The Obama administration is reviewing its strategy for the war in Afghanistan with an eye on the approaching deadline of July 2011 for the US forces to start transitioning responsibility to the local forces.
The review will be focusing on two aspects of the Obama administration’s Af-Pak policy: if it’s on the correct path and if it’s happening at the correct pace, a senior administration official said on Tuesday.
The review started two week ago, the official said, with the first phase focusing on “data collection”.
The review will factor in views of international stakeholders in the region, including India. President Obama’s discussions with Indian leaders on his recent visit there will be added to the review, the official said.
Indian concerns are basically this: if the US leaves Afghanistan now, it will slip back into the chaos that turned into a haven for terrorists and insurgents, and, more worrying perhaps, would be the return of their Pakistani handlers.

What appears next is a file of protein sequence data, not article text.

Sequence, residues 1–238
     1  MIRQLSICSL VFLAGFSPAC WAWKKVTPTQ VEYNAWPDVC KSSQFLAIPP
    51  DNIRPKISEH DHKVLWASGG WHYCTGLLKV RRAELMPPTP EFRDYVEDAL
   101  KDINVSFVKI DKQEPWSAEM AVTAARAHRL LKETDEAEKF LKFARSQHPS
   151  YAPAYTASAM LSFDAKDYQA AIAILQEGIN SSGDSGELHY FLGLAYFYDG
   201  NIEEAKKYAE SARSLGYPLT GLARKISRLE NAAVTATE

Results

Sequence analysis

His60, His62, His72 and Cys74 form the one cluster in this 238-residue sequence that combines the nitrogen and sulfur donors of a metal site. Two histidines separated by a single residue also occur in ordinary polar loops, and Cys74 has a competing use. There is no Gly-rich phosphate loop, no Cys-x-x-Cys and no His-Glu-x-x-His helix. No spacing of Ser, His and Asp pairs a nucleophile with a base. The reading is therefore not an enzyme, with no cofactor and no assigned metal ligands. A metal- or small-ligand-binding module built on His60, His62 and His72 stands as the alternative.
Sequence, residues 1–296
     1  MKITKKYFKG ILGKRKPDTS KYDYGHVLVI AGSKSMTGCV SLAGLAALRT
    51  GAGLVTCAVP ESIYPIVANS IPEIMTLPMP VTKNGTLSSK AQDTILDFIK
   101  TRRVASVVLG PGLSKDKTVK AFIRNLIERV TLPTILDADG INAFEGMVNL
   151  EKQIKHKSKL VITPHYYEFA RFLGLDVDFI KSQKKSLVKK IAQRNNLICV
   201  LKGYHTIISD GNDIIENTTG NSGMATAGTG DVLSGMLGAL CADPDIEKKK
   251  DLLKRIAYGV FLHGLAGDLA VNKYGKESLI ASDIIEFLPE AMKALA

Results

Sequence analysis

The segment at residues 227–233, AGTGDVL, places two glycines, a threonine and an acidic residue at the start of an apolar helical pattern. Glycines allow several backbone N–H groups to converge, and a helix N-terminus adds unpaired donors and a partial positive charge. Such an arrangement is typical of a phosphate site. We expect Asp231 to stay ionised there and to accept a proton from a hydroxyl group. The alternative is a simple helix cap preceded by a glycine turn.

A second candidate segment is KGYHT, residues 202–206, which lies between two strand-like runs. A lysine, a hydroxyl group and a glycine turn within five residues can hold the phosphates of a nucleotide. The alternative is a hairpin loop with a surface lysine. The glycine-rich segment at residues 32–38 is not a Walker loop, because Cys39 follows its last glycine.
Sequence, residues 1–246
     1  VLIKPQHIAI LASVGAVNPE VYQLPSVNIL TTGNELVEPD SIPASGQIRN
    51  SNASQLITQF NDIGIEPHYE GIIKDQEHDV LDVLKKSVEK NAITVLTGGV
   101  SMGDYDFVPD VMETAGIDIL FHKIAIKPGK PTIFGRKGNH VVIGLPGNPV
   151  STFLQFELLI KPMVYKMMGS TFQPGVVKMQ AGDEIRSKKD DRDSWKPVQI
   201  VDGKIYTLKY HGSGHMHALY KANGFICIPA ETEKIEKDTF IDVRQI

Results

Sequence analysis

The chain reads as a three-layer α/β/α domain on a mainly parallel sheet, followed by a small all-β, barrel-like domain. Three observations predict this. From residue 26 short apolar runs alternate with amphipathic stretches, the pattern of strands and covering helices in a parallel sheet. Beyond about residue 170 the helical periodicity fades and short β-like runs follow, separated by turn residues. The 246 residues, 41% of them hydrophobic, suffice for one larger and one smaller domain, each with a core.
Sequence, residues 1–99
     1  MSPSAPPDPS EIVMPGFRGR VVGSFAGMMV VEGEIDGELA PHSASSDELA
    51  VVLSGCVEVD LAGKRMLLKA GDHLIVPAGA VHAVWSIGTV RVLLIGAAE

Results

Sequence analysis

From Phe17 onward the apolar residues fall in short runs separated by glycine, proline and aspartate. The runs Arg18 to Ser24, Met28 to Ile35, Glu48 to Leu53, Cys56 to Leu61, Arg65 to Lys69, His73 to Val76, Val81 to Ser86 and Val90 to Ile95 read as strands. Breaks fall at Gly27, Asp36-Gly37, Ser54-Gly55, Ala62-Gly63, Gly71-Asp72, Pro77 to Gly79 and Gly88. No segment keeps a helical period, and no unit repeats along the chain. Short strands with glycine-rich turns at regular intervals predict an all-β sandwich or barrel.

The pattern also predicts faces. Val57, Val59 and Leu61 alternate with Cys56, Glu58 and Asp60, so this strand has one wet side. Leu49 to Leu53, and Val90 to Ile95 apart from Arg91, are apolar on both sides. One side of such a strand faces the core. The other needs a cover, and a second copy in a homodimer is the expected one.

The US has made clear now it will never abandon Afghanistan again. “I’ve also made it clear that America’s commitment to the Afghan people will endure. The US will not abandon the people of Afghanistan — or the region — to violent extremists who threaten us all,” Obama said in India.
Meanwhile the transition will begin in July 2011, with the total withdrawal of combatant troops happening possibly in 2014, a timeline suggested by Afghanistan president Hamid Karzai.
It’s likely to be firmed up at the NATO summit in Lisbon on November 20. The NATO discussions will also be added to the review.